Lent and the environment – making a connection

Easter Lilly (iStock513212)The season of Lent is arguably the oldest of Christian holy days.

Lent lasts forty days, recalling the forty days Jesus fasted in the desert to prepare for his ministry.  This year it runs from February 13 to March 30, Easter Eve (some denominations end on Maundy Thursday, the Thursday before Easter commemorating the Last Supper Jesus had with his friends.)  If you count, you will notice there are more days than forty, but Sundays are always thought of as ‘little Easters’, so they don’t count.

Traditionally, people have often thought of Lent as a time to give up luxuries (chocolate is a favourite!) to prepare to walk with Jesus through Holy Week and to celebrate his rising from death on Easter.  This is a time to reflect deeply on the practice of one’s faith, a spiritual time.

I’d like to suggest we look at what we throw away in the light of three attitudes that characterize Lent and how we might look at our waste practices as part of our spiritual lives.

1.  Gratitude:  I want to give thanks!

All things are given to us by a gracious and loving God.  How do we say thank you? By valuing the gift. It is a spiritual discipline to stop and look at what we discard and to say “thank you” before throwing it away.

  • Suggested Action:
    This Lent, take a moment before you throw anything away to feel gratitude for the use it had for you.

2.  Penance:  I want to be forgiven!

We are valued by God, but so is creation.  We live in complex lives where it is difficult to be pure about our waste practices.  Lent has been a penitential season since its beginnings in the fourth century, doing penance for our carelessness about the natural world.

  • Suggested Action:
    Perhaps one might choose not to purchase a desired object because of its excessive packaging.  And to go one step further, contact the seller or manufacturer (or both) and indicate why you are not purchasing the product.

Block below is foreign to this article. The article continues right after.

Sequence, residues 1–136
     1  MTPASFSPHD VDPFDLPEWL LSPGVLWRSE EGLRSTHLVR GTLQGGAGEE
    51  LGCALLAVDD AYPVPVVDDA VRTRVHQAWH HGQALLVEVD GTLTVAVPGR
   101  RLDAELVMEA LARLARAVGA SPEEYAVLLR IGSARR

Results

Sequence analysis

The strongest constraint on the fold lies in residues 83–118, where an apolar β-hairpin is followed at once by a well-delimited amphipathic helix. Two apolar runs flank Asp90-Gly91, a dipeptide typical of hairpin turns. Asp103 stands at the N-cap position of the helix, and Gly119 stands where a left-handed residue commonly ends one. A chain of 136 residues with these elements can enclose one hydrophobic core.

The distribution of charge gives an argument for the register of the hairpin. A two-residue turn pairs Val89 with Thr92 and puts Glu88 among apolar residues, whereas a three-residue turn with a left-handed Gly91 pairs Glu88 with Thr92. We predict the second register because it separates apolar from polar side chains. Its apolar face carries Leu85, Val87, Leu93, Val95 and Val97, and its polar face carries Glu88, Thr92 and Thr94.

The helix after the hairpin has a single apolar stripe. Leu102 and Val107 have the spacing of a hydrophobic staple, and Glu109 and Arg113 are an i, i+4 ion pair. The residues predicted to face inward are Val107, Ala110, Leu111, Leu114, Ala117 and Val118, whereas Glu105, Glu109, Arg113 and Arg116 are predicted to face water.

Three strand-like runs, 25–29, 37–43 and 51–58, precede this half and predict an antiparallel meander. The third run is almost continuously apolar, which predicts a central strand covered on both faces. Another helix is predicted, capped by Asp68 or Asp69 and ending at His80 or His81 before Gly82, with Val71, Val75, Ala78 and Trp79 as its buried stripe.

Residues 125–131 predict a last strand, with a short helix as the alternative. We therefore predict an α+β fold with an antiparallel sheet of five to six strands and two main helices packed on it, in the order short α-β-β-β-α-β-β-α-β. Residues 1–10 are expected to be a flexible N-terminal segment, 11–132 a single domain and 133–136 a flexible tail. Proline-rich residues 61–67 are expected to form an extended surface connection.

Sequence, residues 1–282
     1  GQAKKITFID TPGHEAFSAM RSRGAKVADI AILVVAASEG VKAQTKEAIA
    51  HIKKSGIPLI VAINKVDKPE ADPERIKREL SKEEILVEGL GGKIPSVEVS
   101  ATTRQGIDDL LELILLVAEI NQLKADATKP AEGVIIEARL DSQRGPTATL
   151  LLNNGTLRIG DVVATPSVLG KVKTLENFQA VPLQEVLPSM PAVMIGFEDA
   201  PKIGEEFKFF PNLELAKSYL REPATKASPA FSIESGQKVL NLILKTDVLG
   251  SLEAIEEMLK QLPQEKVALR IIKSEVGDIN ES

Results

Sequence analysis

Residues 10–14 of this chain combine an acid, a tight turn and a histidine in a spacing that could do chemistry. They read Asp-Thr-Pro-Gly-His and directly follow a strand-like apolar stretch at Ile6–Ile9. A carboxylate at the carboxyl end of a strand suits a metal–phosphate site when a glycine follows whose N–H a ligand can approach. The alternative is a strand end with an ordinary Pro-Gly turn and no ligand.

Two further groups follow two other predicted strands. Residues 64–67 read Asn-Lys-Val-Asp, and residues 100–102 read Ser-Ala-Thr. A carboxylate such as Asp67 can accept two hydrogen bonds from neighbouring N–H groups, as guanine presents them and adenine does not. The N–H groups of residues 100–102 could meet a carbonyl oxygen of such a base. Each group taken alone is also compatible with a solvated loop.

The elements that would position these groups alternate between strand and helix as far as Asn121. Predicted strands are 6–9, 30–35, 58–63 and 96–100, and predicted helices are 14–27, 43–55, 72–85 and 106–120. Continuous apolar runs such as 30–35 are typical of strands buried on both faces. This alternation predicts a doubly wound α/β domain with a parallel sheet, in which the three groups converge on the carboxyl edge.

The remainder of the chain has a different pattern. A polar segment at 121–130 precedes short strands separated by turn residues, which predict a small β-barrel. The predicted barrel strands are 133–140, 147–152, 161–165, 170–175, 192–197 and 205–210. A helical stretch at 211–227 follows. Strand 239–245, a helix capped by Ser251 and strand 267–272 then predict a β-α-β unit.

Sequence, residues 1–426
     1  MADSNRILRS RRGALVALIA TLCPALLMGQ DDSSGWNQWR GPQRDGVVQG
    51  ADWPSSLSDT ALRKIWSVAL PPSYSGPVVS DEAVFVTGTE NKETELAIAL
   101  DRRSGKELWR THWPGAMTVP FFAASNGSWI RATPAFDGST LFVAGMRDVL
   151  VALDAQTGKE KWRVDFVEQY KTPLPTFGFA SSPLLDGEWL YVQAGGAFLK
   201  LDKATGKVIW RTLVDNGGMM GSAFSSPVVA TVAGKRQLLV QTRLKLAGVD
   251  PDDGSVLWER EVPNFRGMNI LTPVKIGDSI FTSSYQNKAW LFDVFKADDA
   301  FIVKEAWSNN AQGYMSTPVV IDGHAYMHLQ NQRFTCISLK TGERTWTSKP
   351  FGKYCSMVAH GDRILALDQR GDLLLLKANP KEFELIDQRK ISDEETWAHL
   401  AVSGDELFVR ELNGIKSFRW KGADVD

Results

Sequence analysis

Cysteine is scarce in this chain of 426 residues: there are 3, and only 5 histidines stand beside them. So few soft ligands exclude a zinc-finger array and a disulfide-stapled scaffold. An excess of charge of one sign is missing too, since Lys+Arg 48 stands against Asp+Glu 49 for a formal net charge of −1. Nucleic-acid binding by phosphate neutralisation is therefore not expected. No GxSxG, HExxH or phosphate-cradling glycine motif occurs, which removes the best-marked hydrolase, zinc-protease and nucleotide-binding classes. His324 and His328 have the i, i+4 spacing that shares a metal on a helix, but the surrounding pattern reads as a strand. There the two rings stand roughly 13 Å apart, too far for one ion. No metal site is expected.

3.  Sabbath:  I want to give the earth a rest!

Farmers leave fields fallow, employers give time off.  What can you do to give the earth a rest?  A New York Times reporter asked himself this question and decided to plant one thing that he could eat, as a spiritual practice, and to curb in a tiny way, all of the effort that intervenes between us and our food.

  • Planting seeds (iStock16199350)Suggested Action:
    If you have land, spend some time this Lent, digging out a section — even a small section — of your grass and prepare to plant some rhubarb, or herbs, or a berry bush.  I did this a few years ago — right in my front yard, and now we enjoy rhubarb, blackberries and tomatoes.  (Did you know every pioneer family in our area planted asparagus and rhubarb to eat and lilac next to the house for the smell?)  
    If you don’t have land, buy a basil plant from a local farmers’ market and put it in a sunny spot.  I carry mine with me.  Even when you’re visiting friends, you can offer to make a fresh salad with your own fresh herbs.

Challenge

This Lent, take a moment to give thanks, to be kinder towards the earth you have taken advantage of, and to let the earth rest just a bit from working so hard to fulfill your wants.

About this guest blogger:

Dr. Morar Murray-Hayes, Guest Blogger; photo by Rudy Louis Cappelleto

Dr. Morar Murray-Hayes,
Guest Blogger; photo by Rudy Louis Cappelleto

The Reverend Dr. Morar Murray-Hayes has ministered at Maple Grove United Church for 25 years.  She is a founding member of the Interfaith Council of Halton.  Prior to moving to Oakville, she taught at Queen’s and UBC.  She is happy that her church composts and recycles, thanks to the efforts of Halton Waste Management staff and dedicated members of her church.

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One Response to Lent and the environment – making a connection

  1. Suzanne Elvidge says:

    Love this post – but something to add to feeling gratitude for something before you throw it away. Think about whether it could help someone else – find a reuse group or see if a charity shop/thrift store could find a new home for it. Or make it into something else!

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